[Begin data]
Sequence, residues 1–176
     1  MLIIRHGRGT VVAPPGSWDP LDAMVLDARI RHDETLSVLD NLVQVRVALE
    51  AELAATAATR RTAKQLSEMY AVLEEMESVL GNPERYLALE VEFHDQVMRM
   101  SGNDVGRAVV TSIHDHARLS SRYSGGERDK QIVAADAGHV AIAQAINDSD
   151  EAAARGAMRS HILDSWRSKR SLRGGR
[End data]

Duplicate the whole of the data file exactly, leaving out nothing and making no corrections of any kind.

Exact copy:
Sequence, residues 1–176
     1  MLIIRHGRGT VVAPPGSWDP LDAMVLDARI RHDETLSVLD NLVQVRVALE
    51  AELAATAATR RTAKQLSEMY AVLEEMESVL GNPERYLALE VEFHDQVMRM
   101  SGNDVGRAVV TSIHDHARLS SRYSGGERDK QIVAADAGHV AIAQAINDSD
   151  EAAARGAMRS HILDSWRSKR SLRGGR